Rock star

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The giant rocks appear out of nowhere in a vacant lot on a road just outside the beach town of Nha Trang

Fossil wood, quartz rocks, granite rocks, amber and sapphire - most of them are millions of years old and many are huge, weighing dozens of tons each.

The lot in Phuoc Dong Commune is just a part of Ho Khiem's vast collection of rocks. He also keeps thousands more meteorites, fossils, and gemstones of all shapes and sizes crowding every corner of his small house on Vo Thi Sau Street.

After collecting for more than 30 years, Khiem has become a household name among rock collectors and petrologists throughout the country.

Khiem only brings back the most beautiful rocks he finds "hiding" for millennia in forests and rivers. He often sets out for months at a time in search of specific rocks.

Rock hunter

Khiem's passion for rocks began at the age of 16 when a family friend gave him a black meteorite as a gift. Khiem couldn't take his hands or eyes off the precious stone and he began collecting beautiful rocks wherever he went.

The passion led him to leave his home in the central region to study petrology at university in the former Saigon. Khiem says he then began traveling to seek out the rarest stones and rocks in 1972 and hasn't stopped since.

After 1975, he worked as a scientist for mining companies throughout the country, offering him the chance to seek out rare versions of what he calls his "children."

Khiem has since become a determined rock hunter, traveling far and wide, often with very vague tip-offs and un-detailed information from local residents about where to fine precious stones.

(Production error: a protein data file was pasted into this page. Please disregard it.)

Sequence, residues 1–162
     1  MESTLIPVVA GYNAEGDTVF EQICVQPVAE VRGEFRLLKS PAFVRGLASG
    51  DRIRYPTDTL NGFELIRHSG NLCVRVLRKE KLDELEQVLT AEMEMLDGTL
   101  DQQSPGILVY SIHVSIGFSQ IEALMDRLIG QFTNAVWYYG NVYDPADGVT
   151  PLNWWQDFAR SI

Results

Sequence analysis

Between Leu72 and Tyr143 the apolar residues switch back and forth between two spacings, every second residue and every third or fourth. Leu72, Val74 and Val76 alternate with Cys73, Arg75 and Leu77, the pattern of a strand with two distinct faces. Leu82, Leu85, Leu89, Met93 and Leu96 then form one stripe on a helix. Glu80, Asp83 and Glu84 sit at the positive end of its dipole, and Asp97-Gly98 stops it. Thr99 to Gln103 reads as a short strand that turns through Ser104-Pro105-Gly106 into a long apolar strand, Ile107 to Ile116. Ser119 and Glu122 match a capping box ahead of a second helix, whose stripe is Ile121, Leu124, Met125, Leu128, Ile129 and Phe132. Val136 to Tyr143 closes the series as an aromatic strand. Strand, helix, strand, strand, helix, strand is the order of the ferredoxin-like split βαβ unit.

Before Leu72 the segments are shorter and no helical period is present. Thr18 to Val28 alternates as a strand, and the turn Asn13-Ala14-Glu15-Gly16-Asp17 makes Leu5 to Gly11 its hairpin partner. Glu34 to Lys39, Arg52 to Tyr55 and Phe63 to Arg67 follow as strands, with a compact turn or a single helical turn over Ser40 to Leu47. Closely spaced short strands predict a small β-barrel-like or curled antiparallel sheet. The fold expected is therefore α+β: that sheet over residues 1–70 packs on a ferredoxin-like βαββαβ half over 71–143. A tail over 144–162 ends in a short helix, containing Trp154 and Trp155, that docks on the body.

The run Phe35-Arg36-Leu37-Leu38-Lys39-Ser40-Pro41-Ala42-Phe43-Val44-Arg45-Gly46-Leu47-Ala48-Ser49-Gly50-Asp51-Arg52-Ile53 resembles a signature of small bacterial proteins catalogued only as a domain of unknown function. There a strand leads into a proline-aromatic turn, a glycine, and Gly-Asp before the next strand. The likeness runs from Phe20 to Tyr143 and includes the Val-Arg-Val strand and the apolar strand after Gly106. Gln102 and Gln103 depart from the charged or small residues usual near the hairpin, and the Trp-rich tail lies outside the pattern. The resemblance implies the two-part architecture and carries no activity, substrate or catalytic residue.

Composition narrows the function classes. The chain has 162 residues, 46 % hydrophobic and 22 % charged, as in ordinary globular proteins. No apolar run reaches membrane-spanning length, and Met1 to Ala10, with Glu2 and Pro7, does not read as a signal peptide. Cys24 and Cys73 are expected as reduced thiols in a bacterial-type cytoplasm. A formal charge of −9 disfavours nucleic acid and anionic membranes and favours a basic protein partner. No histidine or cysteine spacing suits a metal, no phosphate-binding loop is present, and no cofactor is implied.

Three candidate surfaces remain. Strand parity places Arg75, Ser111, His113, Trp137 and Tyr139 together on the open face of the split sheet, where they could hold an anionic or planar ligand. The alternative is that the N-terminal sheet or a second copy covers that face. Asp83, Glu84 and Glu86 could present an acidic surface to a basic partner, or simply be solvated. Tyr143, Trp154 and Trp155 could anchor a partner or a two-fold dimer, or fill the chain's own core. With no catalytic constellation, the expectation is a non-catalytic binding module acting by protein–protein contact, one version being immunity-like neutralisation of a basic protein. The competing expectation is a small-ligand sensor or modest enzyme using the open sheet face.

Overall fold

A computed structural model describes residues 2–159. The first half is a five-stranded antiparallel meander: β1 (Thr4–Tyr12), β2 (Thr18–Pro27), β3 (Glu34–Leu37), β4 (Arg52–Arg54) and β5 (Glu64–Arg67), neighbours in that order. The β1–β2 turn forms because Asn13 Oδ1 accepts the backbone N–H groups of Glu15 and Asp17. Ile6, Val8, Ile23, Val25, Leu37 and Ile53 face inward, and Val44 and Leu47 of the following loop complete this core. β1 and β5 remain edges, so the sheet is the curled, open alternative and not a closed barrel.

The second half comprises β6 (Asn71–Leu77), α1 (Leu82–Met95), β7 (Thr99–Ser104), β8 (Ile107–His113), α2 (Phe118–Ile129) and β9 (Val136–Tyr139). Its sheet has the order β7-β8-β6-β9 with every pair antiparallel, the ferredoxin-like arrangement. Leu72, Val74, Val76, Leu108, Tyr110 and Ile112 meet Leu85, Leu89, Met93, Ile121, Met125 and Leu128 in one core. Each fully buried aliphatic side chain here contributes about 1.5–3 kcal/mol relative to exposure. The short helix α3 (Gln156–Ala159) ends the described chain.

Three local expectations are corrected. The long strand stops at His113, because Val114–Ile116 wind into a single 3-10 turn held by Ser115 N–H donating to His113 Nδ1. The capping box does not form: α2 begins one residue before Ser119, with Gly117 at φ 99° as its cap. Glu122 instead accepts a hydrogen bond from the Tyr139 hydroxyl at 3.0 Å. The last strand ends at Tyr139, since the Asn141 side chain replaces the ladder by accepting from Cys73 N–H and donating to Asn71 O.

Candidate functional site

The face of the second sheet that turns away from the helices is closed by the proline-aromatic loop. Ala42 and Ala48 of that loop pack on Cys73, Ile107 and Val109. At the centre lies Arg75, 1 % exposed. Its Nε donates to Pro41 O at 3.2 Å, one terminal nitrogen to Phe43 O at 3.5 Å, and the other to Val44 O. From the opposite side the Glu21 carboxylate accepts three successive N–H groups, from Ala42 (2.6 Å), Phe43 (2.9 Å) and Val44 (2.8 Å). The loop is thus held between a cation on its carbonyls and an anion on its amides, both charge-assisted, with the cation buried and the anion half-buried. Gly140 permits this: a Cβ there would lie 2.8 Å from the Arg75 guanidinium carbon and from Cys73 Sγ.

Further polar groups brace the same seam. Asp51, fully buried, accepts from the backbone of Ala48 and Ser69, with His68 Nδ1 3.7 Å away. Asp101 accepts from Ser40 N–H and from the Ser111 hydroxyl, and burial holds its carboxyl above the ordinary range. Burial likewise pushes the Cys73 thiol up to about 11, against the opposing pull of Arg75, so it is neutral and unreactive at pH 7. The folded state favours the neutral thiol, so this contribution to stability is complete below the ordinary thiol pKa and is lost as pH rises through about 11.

Rock hunting has brought him throughout the Central Highlands, the whole of central Vietnam as well as deep into the jungles of Laos and Cambodia.

Pride and joy

A 2.7-ton piece of fossil wood, found in the southern province of Binh Phuoc, is on display at Ho Khiem's garden in Nha Trang

Khiem proudly gives tours of his vast collection. Each piece has a unique story to tell.

On a carpet of grass in the middle of Khiem's garden is a giant piece of fossil wood. The 2.6-meter rock weighs 2.7 tons. Its dark yellow and brown hues resemble oil paints while the holes and cavities creeping throughout the stone look like the stalagmites and stalactites of a great cave.

Khiem said fossilized wood such as his - with cavities and see-through holes - was very rare and precious. He said it was part of an agarwood tree that lived tens of millions of years ago and was found deep under a forest in the southern province of Binh Phuoc's Loc Ninh District in June this year.

Another giant is Khiem's two-ton quartz rock, two meters in height, discovered in the Central Highlands province of Lam Dong.

In addition, a huge volcanic rock found in the central province of Phu Yen resembles different things depending on which angle you view it from. You can see the shape of Vietnam, a dragon breathing fire, or an abstract sculpture. Khiem says he named it Nguon coi (The Source) and will exhibit it at the 1,000th anniversary of Hanoi celebration next year.

Treasures, not for sale

Back in his house, Khiem also shows off his beloved small stones.

"I found this sapphire in Dak Nong in 1979," he says, fingering through a small pile of stones. "I spent a lot of time and effort tracking down this aquamarine sapphire along with a tourmaline and an amber in Laos in 1992."

Khiem almost paid the ultimate price for his passion in the 70s' when he contracted malaria near the Vietnam-Laos border after days of trekking through the forest for meteorites. But the disease didn't prevent him from discovering two precious meteorites.

Khiem also shows off three yellow stones from a meteor rain in Russia, which he obtained in 1990. And he also loves his meteorite from Siberia given to him in 1993 by geologists from the former Czechoslovakia.

He also shows a white, twisted stone: "This is a moonrock I exchanged with a foreigner in 1982."

Many have offered Khiem thousands of dollars to buy parts of his collection, but he always refuses.

"If Nha Trang had a museum for rocks, I would donate my entire collection."

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